What is a PJC in NC?
A PJC in North Carolina stands for Prayer for Judgment Continued. A "PJC" means a Judge continues judgment so that no finding of guilt is entered into the Court record. Usually the defendant is still responsible for Court costs, which are around $190. Only a Judge may grant a PJC, not the District Attorney. This does not mean that DA in Court has no input as they can either recommend or oppose you obtaining a PJC in Court.
Be careful you fully understand the consequence of accepting a PJC as it does appear on your criminal record despite what many are led to believe by their attorney. In NC nothing ever just falls of your record after a certain number of years, not even a PJC. Also be aware that in North Carolina your adult criminal record begins at age 16, not age 18 like most other States. I receive many calls asking how to expunge a PJC in NC because they have been denied employment based solely on a PJC. Too many defendants accept a PJC when a full dismissal is possible. Always speak with a criminal attorney before asking for a PJC without understanding the long term consequences.
- You can truthfully say you were never convicted.
- There usually is no fine outside the ~$190 Court costs.
- North Carolina allows one (1) PJC every three (3) years per insurance policy to avoid insurance points. (be aware if you are on the same policy as a spouse or children)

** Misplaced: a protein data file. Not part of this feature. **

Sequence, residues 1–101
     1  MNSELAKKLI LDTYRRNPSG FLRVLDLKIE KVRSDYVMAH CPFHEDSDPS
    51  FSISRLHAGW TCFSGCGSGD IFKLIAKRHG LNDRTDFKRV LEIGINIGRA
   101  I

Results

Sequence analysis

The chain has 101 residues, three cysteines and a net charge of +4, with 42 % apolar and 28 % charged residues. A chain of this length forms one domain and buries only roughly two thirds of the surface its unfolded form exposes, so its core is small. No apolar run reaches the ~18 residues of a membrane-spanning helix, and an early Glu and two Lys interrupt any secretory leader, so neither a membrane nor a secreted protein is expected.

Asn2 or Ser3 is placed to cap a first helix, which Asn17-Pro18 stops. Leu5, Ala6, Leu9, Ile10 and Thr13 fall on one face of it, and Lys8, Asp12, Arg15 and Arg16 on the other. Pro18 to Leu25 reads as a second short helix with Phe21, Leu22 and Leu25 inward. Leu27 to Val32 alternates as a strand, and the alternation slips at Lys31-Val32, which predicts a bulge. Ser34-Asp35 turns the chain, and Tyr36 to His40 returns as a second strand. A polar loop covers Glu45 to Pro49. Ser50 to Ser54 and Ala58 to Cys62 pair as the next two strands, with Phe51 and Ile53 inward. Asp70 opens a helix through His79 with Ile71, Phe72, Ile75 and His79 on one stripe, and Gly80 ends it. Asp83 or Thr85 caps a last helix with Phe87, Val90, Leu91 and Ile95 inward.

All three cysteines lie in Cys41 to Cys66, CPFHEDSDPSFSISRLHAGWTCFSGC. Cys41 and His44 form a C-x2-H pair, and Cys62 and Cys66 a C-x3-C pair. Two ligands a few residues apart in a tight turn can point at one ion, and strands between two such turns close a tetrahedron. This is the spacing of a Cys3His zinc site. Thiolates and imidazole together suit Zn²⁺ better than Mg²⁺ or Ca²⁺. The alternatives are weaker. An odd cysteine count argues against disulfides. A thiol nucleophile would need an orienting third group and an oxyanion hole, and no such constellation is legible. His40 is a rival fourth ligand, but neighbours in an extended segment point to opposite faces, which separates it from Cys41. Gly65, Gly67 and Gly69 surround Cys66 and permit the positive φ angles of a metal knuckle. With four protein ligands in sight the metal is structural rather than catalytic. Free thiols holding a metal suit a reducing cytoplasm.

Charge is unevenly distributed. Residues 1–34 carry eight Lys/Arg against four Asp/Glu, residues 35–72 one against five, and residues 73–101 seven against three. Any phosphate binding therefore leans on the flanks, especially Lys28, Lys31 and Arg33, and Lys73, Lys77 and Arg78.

- A PJC is better than a conviction as you may be able to later have the case dismissed and expunged (emphasis on the word "may")
- A PJC appears on your criminal history.
- Only a Judge may grant a PJC.
- If you go to Court, plead guilty, and ask for PJC, the Judge may deny your request and find you guilty. (you are at the mercy of the Judge)
- Most employers treat a PJC like a conviction.
- A PJC may be impossible to expunge.
- You can’t get a PJC for DWI or speeding in excess of 25 mph over the speed limit.
- Cannot be used for traffic violations if you have a commercial drivers license "CDL".
Does a prayer for judgment stay on your record?
Yes- just like any criminal charge it will appear on your record. For expungment purposes it is treated just like a conviction.
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